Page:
As the adventure progresses, in-game challenges (fifteen per level) can be completed in exchange for points. Beat X amount of enemies in a row without dying, collect scattered spider emblems in a given level, complete combos…even the most insignificant thing in the game could earn you some currency. Once you have enough points and challenges completed, character upgrades and combat abilities will become available for purchase and can be used to enhance your four heroes. While the costume unlocks are rather insignificant, the combat/abilities upgrades overall kept me immersed right up until the end.
Each Spider-Man has its own particular power. Amazing has the expected, yet powerful melee and web-attacks. Noir is basically Sam Fisher with spider webs and wall crawling abilities. The 2099 Spidey has a Matrix-style super vision which allows him to dodge attacks in slow-motion. Finally, Ultimate uses his symbiote powers to unleash hell on his enemies. Fun fact, all dimensions have a special viewing power reminiscent Arkham Asylum’s Detective mode. When activated, you can see objectives, paths and items. Talk about inspiration. Alternativly, Spider-Man can enter first person mode while fighting baddies. There’s a moment in the 2099 dimension where Spider-Man is fighting the Hobgoblin in first person view while free-falling. I wasn’t sold until that sequence and while it felt weird at first, I dug it. A lot!
Shattered Dimensions is a fast-paced experience. It does fit at least three of the four protagonists perfectly. Sadly, the camera has difficulties keeping up with the action, whether during the web slinging sequences or simply when wall-crawling in the more constrained levels. Although you won’t notice the latter often - unless in the Noir dimension where it requires some stealth – web slinging becomes a true nuisance during boss fights. It seems like no Spider-Man game will ever get decent camera work. Then again, I’ve seen much worse in other games. However, in combat, the controls are solid and respond extremely well. The upgrade system truly opens up the possibilities of some great moments, especially when outnumbered.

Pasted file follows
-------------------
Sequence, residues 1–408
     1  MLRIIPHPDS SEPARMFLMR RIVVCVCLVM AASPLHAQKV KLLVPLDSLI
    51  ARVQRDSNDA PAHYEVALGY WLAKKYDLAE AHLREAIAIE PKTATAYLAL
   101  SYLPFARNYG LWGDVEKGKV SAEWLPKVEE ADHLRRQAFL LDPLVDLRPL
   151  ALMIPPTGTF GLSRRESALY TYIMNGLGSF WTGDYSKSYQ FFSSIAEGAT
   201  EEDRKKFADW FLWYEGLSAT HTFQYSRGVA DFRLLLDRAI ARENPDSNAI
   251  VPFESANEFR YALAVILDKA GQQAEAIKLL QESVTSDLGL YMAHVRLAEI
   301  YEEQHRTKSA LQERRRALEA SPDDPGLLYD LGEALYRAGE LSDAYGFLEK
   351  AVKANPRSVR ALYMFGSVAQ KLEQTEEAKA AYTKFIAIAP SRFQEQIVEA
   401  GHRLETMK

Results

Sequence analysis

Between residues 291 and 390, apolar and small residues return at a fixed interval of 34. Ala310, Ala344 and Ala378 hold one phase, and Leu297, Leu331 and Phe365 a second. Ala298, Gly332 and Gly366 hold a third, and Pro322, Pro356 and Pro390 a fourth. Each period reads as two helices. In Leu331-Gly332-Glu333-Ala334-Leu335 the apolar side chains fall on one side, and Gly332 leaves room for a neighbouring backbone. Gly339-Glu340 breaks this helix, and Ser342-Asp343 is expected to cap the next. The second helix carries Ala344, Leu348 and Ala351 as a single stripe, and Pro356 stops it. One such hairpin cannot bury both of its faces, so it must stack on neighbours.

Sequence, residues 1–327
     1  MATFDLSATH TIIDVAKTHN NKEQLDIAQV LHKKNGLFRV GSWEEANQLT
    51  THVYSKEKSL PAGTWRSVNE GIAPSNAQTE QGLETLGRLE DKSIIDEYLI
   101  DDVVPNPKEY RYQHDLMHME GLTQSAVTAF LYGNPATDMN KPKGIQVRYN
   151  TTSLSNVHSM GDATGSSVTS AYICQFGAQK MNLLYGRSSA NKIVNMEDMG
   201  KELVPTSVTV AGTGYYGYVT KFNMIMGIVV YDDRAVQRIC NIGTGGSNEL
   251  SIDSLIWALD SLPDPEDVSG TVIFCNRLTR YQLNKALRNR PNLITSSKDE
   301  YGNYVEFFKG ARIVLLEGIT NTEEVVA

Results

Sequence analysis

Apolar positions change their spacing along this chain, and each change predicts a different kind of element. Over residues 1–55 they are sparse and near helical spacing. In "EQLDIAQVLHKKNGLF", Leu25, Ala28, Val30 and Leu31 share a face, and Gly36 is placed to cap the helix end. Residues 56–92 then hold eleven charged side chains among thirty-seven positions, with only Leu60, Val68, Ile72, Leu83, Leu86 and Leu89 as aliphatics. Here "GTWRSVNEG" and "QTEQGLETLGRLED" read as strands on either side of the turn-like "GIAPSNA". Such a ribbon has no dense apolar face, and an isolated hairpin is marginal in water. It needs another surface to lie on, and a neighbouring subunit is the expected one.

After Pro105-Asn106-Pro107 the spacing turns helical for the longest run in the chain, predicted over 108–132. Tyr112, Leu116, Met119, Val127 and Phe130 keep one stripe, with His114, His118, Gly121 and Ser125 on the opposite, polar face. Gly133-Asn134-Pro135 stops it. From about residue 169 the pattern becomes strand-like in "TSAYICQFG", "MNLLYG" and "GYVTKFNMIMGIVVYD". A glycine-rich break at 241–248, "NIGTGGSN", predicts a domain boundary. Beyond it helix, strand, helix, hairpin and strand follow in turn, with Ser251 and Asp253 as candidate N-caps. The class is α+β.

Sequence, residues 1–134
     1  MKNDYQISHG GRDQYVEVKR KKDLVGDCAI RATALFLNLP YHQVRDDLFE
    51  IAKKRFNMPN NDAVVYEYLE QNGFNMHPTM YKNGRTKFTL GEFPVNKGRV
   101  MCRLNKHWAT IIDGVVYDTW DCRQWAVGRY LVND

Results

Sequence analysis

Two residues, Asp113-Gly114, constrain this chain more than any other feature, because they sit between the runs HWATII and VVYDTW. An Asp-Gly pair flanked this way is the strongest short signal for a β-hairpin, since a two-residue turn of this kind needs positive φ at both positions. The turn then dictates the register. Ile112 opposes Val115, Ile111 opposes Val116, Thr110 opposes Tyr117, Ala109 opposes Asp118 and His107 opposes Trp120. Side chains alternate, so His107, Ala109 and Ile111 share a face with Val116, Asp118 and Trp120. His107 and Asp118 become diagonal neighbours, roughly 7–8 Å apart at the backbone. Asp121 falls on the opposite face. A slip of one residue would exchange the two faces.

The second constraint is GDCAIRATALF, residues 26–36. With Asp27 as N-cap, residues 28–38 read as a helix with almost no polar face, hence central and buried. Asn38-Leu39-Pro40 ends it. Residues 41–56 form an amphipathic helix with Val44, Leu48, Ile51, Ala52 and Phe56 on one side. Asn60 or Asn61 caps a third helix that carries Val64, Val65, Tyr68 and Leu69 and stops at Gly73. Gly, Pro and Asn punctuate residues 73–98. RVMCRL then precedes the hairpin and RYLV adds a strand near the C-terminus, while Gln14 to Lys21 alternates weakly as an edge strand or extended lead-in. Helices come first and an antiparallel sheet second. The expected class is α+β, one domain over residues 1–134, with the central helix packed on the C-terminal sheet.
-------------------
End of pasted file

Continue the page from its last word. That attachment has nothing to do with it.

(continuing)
Visually, Shattered Dimensions strikes gold with its mix of vibrant and cel-shaded graphics. While the psychedelic feel of the 2099 dimension made a solid impression, my enjoyment was more towards the Ultimate and Amazing dimensions simply because they were rendered in cel-shading a la Ultimate Spider-Man circa 2005 (remember that one?). As for Noir…well, the character choice felt awkward since its official unveil so no wonder the levels beneath that dimension fell flat, at least to me. I think my earlier Sam Fisher reference made it clear too. There are some small issues with character animations and collision bugs but nothing bad enough to make it worth going in to.
Sound wise, I’ve already mentioned the discernable voice-overs including Neil Patrick Harris (Amazing), Christopher Daniel Barnes (Noir), Josh Keaton (Ultimate), Dan Gilvezan (2099) and of course Stan Lee (as the Narrator), but the game’s score needs to be praised. It may not be as emotionally immersive as a score composed by Marty O’Donnell or Jesper Kyd but James Dooley (who also composed Sucker Punch’s inFamous…see the correlation?) did a great job at making Shattered Dimensions sound “amazing” just like our friendly neighborhood webhead.
Being their “first true big project”, Beenox successfully pulled off what seemed to be an impossible task for many of us within the game industry. With Shattered Dimensions, Beenox stays true to the colourful and adventuring character of Spider-Man and propels him back into the spotlight.
+ Voice-overs and score
+ Clever level design
+ Solid controls
+ Combat/ability upgrades implementation...
- Camera can be a pain
- Noir dimension isn’t very fun to play
- Minor issues with animations and collision
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Release Date : 2010/09/07
System : PlayStation 3
Publisher : Activision
Developer : Beenox Studios
Category : Action-Adventure
ESRB : T
7.0 / 10
8.5 / 10
8.0 / 10
8.7 / 10